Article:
At the ARC European Industry Forum 2017 in Sitges (Barcelona), ARC organized a workshop for Industrial Analytics and Edge Computing. In times of increasing amounts of data generated within plants and factories, the need to analyze them properly and give the right information to the right people also increases. Experts from different industries and areas shared their experiences and knowledge to show the challenges of analyzing the large amount of data generated and how companies can implement and benefit from industrial analytics.
May Roca from Dow Chemical stated that before building or implementing a solution for industrial analytics, it is important to bring in all the operators and discuss the needed analytics. In the end, they are the workforce who use the results and react accordingly, proactively plan working tasks, and organize maintenance to improve production processes and guarantee continuation and stability of the production. While this is not a one-time discussion, as needs might change over time, it is critical to continuously keep the communication with the operators alive.
For building a process organization for analytics, necessary steps are to include the operators, data scientists, and process specialists, said Edwin van Dijk from Trendminer. Everyone will have a different view on how to analyze and what to show to whom in the company. Edwin presented two different approaches for industrial analytics. The model-based approach takes the following steps.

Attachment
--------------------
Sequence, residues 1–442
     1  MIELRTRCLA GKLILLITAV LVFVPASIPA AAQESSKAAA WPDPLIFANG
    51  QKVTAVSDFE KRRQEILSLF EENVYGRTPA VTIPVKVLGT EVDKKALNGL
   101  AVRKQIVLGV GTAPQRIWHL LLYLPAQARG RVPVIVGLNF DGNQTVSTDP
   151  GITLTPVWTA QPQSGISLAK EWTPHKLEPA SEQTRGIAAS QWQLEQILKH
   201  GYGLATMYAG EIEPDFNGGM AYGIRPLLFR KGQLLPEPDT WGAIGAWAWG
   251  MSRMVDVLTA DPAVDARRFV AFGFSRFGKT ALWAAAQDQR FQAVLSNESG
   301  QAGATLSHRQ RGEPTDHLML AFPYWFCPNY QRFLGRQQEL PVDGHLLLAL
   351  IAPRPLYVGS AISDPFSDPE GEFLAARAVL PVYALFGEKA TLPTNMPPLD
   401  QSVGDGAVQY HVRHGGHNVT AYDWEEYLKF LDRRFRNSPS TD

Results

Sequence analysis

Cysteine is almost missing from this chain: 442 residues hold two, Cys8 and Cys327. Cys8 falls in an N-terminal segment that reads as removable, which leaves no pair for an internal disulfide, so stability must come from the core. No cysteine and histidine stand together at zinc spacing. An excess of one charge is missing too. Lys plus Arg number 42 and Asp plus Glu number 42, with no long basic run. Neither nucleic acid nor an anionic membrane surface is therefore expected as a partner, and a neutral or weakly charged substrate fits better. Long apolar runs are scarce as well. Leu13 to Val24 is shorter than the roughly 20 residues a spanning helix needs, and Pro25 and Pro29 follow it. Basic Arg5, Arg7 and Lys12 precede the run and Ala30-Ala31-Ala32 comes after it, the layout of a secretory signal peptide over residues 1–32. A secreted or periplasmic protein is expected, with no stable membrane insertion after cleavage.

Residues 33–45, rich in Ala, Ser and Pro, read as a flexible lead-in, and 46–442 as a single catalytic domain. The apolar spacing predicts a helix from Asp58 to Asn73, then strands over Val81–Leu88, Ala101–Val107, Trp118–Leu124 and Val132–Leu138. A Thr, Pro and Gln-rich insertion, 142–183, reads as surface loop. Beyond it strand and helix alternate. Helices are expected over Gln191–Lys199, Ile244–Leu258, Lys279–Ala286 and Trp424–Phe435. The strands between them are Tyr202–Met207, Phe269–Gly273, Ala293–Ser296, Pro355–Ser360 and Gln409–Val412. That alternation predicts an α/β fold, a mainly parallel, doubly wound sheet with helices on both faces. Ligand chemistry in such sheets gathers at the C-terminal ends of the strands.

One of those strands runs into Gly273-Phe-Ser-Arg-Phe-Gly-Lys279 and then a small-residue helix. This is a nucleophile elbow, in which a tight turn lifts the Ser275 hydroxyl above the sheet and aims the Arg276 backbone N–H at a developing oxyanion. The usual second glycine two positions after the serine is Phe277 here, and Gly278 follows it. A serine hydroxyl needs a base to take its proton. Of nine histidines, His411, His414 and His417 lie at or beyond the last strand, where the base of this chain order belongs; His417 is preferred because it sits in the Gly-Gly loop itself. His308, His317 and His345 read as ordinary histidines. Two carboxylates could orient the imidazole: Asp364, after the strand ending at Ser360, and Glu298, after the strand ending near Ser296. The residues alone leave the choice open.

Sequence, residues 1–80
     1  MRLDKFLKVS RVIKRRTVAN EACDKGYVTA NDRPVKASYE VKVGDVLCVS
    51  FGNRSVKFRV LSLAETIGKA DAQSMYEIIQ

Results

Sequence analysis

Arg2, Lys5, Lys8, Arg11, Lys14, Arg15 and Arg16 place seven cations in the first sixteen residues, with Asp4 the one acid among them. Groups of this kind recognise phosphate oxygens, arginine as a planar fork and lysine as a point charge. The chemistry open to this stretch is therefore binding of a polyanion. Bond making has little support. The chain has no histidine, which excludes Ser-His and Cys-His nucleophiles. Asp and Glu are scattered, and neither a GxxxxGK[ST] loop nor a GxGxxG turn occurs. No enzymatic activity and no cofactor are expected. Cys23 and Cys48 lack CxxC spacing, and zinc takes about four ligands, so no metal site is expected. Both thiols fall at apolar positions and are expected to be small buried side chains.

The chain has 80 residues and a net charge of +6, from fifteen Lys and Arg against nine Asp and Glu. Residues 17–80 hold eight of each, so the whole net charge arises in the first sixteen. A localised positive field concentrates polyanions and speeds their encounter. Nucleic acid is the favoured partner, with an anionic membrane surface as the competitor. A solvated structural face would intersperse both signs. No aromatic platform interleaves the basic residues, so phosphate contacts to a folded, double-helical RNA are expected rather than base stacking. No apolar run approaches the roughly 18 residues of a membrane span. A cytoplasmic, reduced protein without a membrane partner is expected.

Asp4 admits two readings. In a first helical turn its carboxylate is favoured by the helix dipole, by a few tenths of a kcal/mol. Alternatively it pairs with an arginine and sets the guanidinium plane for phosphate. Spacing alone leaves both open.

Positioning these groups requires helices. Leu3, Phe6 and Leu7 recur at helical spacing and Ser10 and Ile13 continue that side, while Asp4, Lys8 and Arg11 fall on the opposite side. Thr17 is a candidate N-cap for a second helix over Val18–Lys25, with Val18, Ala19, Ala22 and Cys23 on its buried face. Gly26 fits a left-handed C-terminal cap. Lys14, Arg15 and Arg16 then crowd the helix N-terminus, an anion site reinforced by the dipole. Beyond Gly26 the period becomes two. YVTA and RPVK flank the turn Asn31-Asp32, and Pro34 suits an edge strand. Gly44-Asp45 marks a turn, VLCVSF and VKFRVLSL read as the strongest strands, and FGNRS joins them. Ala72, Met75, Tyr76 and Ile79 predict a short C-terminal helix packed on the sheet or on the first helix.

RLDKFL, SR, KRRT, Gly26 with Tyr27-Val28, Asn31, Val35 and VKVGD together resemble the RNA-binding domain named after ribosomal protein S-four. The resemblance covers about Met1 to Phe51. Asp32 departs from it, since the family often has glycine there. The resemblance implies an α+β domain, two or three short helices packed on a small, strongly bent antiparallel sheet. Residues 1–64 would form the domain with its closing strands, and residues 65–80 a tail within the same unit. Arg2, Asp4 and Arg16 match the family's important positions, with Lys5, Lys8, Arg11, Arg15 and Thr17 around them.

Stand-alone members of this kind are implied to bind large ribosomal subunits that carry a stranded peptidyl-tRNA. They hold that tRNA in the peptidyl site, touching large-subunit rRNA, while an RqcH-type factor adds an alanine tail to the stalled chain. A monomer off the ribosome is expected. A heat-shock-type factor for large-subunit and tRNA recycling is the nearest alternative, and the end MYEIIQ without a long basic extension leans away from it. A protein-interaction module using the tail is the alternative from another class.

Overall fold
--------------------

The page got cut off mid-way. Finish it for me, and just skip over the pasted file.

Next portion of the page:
- Train data scientist in business domain and set up multidisciplinary team
- Collect expert input to identify data required
- Work with automation / IT to extract the data
- Import data in analytics environment
- Data exploration and filtering
- Choose algorithm / model
- Train model
- Validate model
- Work with IT to deploy solution (model, alert)
He also showcased the self-service approach that drops some of the points of the model-based approach and puts more control over the demanded analytics into the hands of the people using the results.
Peter Guilfoyle from Northwest Analytics stated that the modern manufacturing ecosystem is complex and littered with legacy systems. It is often too expensive to replace and comprises multiple disparate databases, so that not one has ALL the data, and in most cases, real-time analytics is not well leveraged.
Marc Pijpers from Sitech, a company the provides services in maintenance, technological improvements and advanced process controls for sites located in the Chemelot site in the Netherlands, said that they are the number one company in data storage coming from manufacturing. But he also mentioned that they are number one in doing not much with the vast amount of data. Especially in manufacturing only 5% of big data is used in the production line, which not only applies for Sitech’s business, but is a common occurrence in manufacturing. While he claimed to provide better analytics, it remains important to get even more data, customers and end users asked would usually say what they don’t need more data, but to do something valuable with the data already generated. This is where Sitech is leveraging the knowledge and expertise of Trendminer in providing better industrial analytics solutions to their customers.
Fréderic Erben from Grenzebach, a German family owned machine builder, remarke on the topic of edge computing that if a vendor of automation equipment says “put everything in the cloud”, it is hard to realize for remote locations because of slow or missing internet connections, and it is also not accepted for conservative industries. Basic analysis on premise with applying edge computing to provide operational continuity is a key element here.